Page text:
It has been shown that the developmental regulation of sensory neurons containing CGRP that predominantly contact visceral and cutaneous peripheral target end organs in vivo (Hall et al.,1997), whereas abundant neurofilament expression is characteristic of large neurons that innervate muscle spindles (Lawson et al.,1984; Perry et al.,1991). The results in this study provide an important demonstration that neurofilament-phenotype but not neuropeptide-phenotype could be regulated by the presence of target skeletal muscle cells. These results are consistent with that SP-IR and CGRP-IR neurons did not require an intact DRG or connections with other tissues to regulate neuropeptides often expressed by nociceptive neurons (Hall et al.,1997). In the present experiment, DRG was dissected out from embryonic rats on embryonic days 12.5 (E12.5) before neuropeptides appear in DRG neurons (Hall et al.,1997). At E12.5, many DRG neuron precursors are undergoing their final mitoses, and most have not extended peripheral processes (Lawson et al.,1984; Mirnics and Koerber,1995). These results implicated that some neurons in the embryonic DRG seem to be intrinsically specified to later express SP and CGRP. Neurofilament-IR neurons typically have myelinated axons which are considered to innervate muscle spindle (Hall et al.,1997). In DRG and skeletal muscle fibers cocultures, peripheral neurites of DRG neurons coiling around regenerated muscle fibers correspond to that part of the sensory muscle spindle apparatus which developed in vivo (Spenger et al.,1991). Our results are in agreement with the earlier previous reports. Neurofilament expression is dependent on, at least in part, the presence of target skeletal muscle cells.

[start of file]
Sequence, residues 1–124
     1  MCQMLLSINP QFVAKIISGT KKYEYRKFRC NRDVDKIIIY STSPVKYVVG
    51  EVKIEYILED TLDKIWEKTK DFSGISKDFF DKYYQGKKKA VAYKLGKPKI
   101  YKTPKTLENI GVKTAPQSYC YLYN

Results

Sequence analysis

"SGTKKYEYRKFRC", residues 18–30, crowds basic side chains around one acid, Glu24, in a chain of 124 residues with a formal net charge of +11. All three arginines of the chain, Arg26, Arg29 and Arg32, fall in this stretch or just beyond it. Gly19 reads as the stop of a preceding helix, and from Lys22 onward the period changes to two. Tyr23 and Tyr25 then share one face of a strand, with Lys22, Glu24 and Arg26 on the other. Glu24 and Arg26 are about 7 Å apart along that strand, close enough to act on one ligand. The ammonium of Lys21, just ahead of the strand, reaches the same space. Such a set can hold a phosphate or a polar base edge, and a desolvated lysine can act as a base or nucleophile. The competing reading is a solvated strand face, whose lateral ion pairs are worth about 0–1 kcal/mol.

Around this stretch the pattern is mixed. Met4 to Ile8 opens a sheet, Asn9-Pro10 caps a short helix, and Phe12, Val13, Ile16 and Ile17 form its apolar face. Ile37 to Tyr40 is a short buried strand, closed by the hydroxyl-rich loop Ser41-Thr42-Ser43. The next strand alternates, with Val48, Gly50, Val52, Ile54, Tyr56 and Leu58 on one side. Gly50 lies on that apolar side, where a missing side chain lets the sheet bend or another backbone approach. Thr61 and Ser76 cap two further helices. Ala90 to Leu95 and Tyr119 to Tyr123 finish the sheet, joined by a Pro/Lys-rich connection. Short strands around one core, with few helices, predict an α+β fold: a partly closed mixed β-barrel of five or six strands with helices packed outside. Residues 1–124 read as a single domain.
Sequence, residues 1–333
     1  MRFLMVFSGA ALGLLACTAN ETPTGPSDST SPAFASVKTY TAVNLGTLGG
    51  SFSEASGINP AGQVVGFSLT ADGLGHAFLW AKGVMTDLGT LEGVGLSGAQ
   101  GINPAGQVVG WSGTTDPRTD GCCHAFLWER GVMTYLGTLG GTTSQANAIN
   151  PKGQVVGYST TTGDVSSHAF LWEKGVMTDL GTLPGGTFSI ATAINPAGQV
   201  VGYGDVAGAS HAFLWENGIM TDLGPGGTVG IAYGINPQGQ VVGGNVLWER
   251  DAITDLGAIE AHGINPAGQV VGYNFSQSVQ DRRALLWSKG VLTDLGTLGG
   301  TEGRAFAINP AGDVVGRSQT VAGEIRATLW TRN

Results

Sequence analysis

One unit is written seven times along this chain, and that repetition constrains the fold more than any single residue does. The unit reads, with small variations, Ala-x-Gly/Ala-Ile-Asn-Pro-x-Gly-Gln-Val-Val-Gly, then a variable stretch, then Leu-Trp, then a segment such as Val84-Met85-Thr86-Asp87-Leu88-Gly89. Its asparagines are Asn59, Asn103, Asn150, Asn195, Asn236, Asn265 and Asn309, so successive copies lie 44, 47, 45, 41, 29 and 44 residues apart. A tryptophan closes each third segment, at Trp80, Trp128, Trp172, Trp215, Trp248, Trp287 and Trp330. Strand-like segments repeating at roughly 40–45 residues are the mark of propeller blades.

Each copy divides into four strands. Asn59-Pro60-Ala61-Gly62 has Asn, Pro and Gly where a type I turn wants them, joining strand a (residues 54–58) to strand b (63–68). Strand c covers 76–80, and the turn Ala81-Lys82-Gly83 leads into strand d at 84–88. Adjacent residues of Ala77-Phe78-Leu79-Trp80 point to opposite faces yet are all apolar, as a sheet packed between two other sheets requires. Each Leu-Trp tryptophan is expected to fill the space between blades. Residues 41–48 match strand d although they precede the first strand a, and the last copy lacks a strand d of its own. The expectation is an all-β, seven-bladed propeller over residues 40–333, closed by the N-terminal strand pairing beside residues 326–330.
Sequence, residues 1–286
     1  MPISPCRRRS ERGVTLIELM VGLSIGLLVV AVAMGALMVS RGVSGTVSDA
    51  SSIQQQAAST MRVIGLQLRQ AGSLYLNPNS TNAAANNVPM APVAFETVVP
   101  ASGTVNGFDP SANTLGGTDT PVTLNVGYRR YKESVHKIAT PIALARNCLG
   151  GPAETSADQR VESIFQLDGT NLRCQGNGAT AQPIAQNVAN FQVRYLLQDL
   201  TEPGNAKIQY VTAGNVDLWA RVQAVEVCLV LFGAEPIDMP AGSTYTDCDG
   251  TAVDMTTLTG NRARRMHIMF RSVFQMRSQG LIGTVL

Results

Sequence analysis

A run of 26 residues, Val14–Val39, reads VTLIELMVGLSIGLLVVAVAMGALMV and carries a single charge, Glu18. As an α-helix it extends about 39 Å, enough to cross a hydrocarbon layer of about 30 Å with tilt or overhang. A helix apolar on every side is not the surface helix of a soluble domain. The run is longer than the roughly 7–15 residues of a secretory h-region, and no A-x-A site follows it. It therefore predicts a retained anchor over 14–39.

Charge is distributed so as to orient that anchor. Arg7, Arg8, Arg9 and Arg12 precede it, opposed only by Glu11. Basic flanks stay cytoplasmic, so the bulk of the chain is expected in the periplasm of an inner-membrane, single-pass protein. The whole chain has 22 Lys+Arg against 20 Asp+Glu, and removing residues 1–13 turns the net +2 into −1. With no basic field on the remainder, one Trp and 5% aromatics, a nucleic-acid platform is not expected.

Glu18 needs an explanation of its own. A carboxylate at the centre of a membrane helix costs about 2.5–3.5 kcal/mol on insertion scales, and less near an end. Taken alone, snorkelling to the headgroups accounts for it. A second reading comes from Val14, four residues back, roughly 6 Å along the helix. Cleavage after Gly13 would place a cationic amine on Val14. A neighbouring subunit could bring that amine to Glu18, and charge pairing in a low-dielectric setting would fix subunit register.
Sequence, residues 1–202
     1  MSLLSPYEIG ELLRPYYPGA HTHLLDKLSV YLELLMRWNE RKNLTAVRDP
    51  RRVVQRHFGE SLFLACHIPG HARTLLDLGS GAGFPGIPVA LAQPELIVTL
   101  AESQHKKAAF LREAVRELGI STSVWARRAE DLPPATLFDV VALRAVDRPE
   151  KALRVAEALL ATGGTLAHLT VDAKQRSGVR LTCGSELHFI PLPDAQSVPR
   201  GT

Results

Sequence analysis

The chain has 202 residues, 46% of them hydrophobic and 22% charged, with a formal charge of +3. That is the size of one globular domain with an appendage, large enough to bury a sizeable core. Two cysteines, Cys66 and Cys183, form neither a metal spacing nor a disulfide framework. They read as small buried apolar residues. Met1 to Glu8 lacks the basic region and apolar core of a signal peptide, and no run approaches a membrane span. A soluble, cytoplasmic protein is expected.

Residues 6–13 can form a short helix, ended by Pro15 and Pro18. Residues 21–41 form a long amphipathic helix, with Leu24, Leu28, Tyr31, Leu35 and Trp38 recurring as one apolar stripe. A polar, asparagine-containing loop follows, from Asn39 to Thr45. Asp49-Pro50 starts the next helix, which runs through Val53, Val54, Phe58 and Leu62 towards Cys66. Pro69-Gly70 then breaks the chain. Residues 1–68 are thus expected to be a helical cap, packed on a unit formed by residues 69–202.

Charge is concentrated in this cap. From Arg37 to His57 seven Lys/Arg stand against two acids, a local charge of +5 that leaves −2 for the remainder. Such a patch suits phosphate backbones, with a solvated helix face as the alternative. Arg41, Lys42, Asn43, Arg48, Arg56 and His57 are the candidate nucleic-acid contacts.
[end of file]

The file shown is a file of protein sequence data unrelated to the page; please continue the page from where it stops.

Activation of receptor trkA seems important for the survival of cutaneous and visceral afferents, whereas trkC may be more important for muscle afferents (Hory-Lee et al.,1993; Crowley et al.,1994; Klein et al.,1994; McMahon et al.,1994; Smeyne et al.,1994; Hall et al.,1997). It has been suggested that the distribution of TrkC is necessary for the maintenance of the DRG proprioceptive neurons during embryonic development in mice (Stephens et al.,2005). TrkC-expressing neurons are mostly large cells (Wright and Snider,1995) which are in a direct contact with the skeletal muscle target (Stephens et al.,2005). In this study, the percentage of TrkA- and TrkB-expressing DRG neurons observed in both DRG cultures and neuromuscular cocultures is similar to that in DRG in vivo (Snider,1994; Wright and Snider,1995). The percentage of TrkC-expressing DRG neurons in DRG neuronal cultures observed in this study is lower than that in DRG in vivo (Snider,1994; Stephens et al.,2005). In neuromuscular cocultures of DRG neurons and target skeletal muscle cells, the percentage of TrkC-expressing DRG neurons is similar to that in DRG in vivo (Wright and Snider,1995) suggested that TrkC expression is partially dependent on the presence of target skeletal muscle cells.

In conclusion, our data suggest that target skeletal muscle cells are important for maintenance neurofilament phenotype but not neuropeptide phenotype and maintenance TrkC but not TrkA and TrkB expression in cultured DRG neurons. The expression of neurofilament and TrkC is regulated by target skeletal muscle cells is consistent with the close relationship between neurofilament- or TrkC-expressing DRG neurons and target skeletal muscle cells in vivo. Additional studies are necessary to clarify the mechanisms of interactions between neurofilament- or TrkC-expressing DRG neurons and target skeletal muscle cells.

LITERATURE CITED

  1. Top of page
  2. Abstract
  3. MATERIALS AND METHODS
  4. RESULTS
  5. DISCUSSION
  6. LITERATURE CITED